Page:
Pollution reductions from off-road vehicles, particularly snowmobiles, fall short
provided by Bluewater Network
ast month, the Environmental Protection Agency (EPA) issued final air pollution regulations for off-road vehicles that squander an opportunity to substantially reduce air pollution and better protect public health with readily available technology. The final standards for snowmobiles are particularly troubling because they fail to encourage greater use of four-stroke engines that are already in snowmobiles today. With this rule, the Administration hands yet another victory to the snowmobile industry.
Dirty, noisy two-stokes are the most polluting engines on the planet, so frankly, we're shocked that the Bush Administration plans to allow them in new snowmobiles for at least another decade, said Russell Long, Executive Director of Bluewater Network.
The EPA will allow snowmobiles to be produced with World War II-era two-stroke engines when other EPA rules for everything from lawn mowers to chain saws to jet skis largely phase them out, said Scott Kovarovics, Director of the Natural Trails and Waters Coalition.
The final rule will require makers of dirt bikes, all-terrain vehicles and snowmobiles to reduce hydrocarbon and carbon monoxide pollution by approximately 30 percent by 2006 and 50 percent by 2012 compared to current levels. These reductions fall far short of the requirements of the Clean Air Act. The Act instructs the EPA to issue emission standards that will produce the greatest degree of emission reduction achievable through the application of technology which the Administrator determines will be available. Technology rolling off assembly lines today, including four-stroke engines and catalytic converters, reduces pollution more significantly than EPA would require. Bombardier states that the four-stroke snowmobile it unveiled during the 2002 Winter Olympics reduces hydrocarbon emissions by 80 percent when compared to current two-stroke models. Every major snowmobile manufacturer is producing one or more four-stroke models.
Two-stroke engines are significant sources of air pollution nationwide. According to the EPA, off-road vehicles alone produce 10 percent of the mobile source hydrocarbon pollution and snowmobiles produce more than 700,000 tons of hydrocarbon and carbon monoxide pollution annually. This pollution poses a serious threat to public health and has been linked to respiratory disease, cancer and premature death.
Two stroke engines dump a third of their fuel, unburned, into the environment, but four-stroke engines with catalytic converters would have reduced emissions by 98 percent far beyond what is being proposed. Therefore, snowmobiles are going to continue to endanger riders with cancer-causing exhaust while increasing smog in pristine settings like Yellowstone National Park, said Long. These standards are woefully inadequate as it is painfully obvious that the Administration folded on snowmobile technology. We're headed for the courtroom.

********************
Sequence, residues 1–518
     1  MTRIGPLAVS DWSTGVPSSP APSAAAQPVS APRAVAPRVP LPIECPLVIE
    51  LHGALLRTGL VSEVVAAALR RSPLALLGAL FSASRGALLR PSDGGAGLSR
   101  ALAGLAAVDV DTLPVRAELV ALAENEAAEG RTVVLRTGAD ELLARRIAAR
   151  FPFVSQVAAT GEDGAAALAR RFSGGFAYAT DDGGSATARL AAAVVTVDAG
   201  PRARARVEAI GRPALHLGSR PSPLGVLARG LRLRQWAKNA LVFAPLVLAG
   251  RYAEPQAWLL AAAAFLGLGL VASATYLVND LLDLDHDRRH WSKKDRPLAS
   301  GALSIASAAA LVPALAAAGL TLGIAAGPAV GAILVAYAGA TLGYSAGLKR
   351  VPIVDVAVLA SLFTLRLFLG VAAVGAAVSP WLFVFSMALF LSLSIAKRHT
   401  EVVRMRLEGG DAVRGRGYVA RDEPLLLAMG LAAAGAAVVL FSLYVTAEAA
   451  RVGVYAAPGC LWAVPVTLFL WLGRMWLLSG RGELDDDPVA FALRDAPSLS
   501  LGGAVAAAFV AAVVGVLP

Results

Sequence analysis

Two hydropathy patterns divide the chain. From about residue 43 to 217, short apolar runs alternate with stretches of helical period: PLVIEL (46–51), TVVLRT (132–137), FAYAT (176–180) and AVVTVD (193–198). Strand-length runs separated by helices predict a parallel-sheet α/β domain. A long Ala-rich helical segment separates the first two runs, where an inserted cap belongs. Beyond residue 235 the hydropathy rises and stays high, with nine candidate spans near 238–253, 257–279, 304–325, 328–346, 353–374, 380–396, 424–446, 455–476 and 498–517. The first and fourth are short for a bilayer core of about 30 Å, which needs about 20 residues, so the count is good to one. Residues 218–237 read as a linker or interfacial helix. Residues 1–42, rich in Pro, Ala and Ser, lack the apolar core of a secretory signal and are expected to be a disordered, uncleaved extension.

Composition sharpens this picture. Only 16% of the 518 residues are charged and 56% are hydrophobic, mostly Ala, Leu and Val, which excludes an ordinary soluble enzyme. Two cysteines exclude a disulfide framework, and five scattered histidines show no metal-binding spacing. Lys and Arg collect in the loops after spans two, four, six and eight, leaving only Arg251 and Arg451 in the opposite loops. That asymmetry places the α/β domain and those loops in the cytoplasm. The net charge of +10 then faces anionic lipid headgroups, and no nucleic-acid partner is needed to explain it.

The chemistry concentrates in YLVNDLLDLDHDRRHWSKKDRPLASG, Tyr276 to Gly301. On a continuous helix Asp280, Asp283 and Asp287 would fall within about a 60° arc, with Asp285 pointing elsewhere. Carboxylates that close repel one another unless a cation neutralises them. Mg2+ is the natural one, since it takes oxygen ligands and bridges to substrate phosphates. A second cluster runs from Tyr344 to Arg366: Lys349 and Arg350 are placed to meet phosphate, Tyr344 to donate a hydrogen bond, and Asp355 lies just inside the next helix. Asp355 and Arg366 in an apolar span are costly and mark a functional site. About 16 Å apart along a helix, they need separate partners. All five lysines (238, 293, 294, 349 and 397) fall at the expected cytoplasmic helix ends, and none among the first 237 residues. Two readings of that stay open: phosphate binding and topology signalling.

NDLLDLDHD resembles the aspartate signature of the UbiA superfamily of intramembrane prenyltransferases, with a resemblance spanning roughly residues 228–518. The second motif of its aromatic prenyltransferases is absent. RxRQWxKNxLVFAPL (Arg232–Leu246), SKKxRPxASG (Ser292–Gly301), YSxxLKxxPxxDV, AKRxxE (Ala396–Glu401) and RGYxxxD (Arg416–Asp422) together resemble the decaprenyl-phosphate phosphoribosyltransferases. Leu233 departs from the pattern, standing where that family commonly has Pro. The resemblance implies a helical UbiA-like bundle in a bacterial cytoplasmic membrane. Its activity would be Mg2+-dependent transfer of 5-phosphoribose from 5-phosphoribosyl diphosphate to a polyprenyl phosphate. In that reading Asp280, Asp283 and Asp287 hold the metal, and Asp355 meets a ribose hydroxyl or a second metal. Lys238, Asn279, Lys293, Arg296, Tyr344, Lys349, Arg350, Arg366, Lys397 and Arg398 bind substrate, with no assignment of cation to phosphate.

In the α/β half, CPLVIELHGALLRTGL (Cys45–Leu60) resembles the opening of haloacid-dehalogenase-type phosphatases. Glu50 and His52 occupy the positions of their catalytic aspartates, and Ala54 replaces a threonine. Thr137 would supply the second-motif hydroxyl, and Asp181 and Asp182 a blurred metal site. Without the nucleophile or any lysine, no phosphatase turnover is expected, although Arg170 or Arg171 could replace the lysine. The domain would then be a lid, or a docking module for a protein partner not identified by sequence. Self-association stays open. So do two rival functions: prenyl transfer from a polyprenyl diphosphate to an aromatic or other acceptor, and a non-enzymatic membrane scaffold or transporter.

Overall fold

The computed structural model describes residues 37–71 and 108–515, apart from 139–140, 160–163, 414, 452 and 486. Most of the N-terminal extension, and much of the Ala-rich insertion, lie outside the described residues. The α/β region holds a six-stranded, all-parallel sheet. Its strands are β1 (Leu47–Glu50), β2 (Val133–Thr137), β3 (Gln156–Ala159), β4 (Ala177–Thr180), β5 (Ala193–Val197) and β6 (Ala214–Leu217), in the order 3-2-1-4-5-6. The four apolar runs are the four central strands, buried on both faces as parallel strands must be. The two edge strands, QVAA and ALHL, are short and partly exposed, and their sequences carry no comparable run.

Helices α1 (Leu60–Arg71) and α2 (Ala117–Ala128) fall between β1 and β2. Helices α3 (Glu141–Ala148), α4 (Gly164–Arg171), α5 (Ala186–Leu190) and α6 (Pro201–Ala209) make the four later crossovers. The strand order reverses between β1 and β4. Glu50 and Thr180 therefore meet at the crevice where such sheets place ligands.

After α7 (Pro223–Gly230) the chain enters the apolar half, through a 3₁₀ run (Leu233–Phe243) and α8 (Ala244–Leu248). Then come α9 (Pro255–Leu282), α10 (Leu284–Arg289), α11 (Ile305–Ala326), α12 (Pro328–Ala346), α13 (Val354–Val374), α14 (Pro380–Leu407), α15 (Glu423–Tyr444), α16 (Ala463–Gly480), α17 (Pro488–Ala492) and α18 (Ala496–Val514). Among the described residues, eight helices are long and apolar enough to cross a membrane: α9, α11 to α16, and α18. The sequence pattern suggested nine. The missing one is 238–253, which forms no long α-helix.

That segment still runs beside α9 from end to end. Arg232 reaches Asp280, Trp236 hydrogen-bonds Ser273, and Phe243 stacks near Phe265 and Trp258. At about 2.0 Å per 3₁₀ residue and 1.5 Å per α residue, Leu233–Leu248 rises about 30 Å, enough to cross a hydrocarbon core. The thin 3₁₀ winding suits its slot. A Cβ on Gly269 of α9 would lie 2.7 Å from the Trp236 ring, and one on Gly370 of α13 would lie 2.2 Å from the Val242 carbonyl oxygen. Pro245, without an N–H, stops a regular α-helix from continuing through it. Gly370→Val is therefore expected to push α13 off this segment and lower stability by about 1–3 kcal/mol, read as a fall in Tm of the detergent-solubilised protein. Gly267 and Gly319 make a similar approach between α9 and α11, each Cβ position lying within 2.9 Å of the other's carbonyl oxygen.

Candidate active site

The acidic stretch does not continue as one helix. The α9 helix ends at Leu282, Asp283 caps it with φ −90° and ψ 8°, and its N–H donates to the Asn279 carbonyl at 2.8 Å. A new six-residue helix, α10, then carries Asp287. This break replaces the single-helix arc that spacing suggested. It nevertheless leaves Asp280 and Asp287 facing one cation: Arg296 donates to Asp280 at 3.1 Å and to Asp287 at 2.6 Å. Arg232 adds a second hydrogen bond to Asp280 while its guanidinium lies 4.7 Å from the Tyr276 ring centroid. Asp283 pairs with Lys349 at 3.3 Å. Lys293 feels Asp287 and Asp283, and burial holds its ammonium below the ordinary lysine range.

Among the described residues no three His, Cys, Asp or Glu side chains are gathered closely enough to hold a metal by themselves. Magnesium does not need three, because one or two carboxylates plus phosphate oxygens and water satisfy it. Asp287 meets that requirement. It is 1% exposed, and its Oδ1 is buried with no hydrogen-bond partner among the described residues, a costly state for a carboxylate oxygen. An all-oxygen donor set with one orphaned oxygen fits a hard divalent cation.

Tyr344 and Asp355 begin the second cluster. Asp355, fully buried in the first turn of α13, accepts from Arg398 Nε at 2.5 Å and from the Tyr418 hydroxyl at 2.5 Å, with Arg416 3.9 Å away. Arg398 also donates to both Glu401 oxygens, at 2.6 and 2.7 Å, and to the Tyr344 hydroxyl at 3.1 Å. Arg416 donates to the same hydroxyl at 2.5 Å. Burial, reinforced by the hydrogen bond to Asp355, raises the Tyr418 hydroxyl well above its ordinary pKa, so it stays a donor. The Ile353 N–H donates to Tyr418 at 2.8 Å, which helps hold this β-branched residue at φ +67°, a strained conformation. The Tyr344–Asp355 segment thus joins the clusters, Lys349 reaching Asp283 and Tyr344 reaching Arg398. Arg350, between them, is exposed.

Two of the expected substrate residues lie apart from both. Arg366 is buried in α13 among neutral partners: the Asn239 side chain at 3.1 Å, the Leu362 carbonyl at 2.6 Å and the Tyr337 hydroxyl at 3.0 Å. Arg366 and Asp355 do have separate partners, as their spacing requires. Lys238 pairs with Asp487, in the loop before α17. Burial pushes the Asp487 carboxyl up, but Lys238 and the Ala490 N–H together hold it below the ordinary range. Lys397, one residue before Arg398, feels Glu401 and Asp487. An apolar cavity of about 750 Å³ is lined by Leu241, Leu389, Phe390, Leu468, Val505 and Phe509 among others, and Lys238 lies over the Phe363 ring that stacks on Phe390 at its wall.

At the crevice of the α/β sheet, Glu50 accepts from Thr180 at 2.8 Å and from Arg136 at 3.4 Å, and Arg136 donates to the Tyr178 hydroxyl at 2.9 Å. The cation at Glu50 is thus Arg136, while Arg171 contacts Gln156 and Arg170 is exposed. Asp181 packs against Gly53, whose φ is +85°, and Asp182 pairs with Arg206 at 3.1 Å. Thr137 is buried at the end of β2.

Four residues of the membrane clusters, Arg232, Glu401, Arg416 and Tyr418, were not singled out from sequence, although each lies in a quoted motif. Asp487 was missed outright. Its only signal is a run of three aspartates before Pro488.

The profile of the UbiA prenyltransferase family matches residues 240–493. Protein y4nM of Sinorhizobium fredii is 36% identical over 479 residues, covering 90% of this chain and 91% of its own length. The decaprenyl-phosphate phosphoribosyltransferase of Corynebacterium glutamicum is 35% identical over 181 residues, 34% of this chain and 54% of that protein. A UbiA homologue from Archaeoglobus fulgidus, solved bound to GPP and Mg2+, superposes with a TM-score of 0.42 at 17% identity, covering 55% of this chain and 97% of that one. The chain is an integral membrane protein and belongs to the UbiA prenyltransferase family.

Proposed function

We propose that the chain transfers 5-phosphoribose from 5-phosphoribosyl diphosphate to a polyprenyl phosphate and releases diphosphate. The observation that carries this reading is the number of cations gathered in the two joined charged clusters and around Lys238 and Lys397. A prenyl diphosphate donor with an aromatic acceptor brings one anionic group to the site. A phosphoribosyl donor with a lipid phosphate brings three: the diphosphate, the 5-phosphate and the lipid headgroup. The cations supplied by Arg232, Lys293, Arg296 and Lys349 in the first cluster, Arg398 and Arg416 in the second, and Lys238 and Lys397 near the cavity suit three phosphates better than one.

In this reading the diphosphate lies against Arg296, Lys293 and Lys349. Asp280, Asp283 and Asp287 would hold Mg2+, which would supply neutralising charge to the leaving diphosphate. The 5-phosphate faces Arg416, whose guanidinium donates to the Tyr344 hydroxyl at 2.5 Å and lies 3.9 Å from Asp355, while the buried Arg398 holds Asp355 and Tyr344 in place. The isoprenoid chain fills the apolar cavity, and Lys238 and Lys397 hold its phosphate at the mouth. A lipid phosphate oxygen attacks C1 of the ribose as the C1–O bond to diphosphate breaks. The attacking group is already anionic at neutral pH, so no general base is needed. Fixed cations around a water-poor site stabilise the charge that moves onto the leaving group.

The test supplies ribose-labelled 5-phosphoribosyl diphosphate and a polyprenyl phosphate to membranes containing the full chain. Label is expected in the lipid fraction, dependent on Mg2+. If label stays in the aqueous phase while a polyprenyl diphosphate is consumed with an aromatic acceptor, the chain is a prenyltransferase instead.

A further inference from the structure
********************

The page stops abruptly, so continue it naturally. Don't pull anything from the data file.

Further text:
This is not the first time the Bush Administration has adopted the snowmobile industry's agenda. Within six months of coming into office, it agreed to scuttle a Park Service rule that would phase out snowmobiles from Yellowstone National Park. The Administration is currently in the process of developing a new rule that would allow large-scale snowmobile use to continue despite the fact that five comment periods demonstrate that the public strongly supports a phaseout.
Earlier this year, forty-eight conservation, public health and clean air organizations submitted recommendations to EPA that, if adopted, would better protect public health and substantially reduce air and noise pollution. For example, the groups urged EPA to utilize a mandatory, permanent labeling system modeled on California's highly-successful program for personal watercraft, which the industry is increasing using nationwide. This program uses a combination of stars to distinguish between personal watercraft with low, very low, and ultra low emissions. Unfortunately, EPA and the off-road vehicle industry have consistently opposed permanent, multitiered labels. The final rule will not require this common-sense labeling system, which allows consumers to easily distinguish between vehicles based on emission levels.
With permanent, multitiered labels, consumers can make informed choices between machines and force the industry to produce cleaner products with their pocketbooks, said Kovarovics. The Administration has missed an opportunity to harness market forces to encourage greater pollution reductions from all off-road vehicles.
The final rule is also unlikely to set emission standards for all-terrain vehicles and dirt bikes tough enough to require manufacturers to adequately equip their machines with catalytic converters or address noise pollution from off-road vehicles. The EPA has previously regulated noise from similar vehicles in the past, including motorcycles.
The Natural Trails and Waters Coalition includes conservation, recreation, hunting and other groups working to protect and restore all public lands and waters from the severe damage caused by snowmobiles, all-terrain vehicles, dirt bikes, jet skis and all other off-road vehicles. www.naturaltrails.org.
Bluewater Network is a national organization aggressively confronting the root causes of climate change and fighting environmental damage from the shipping, oil, and motorized recreation industries. www.bluewaternetwork.org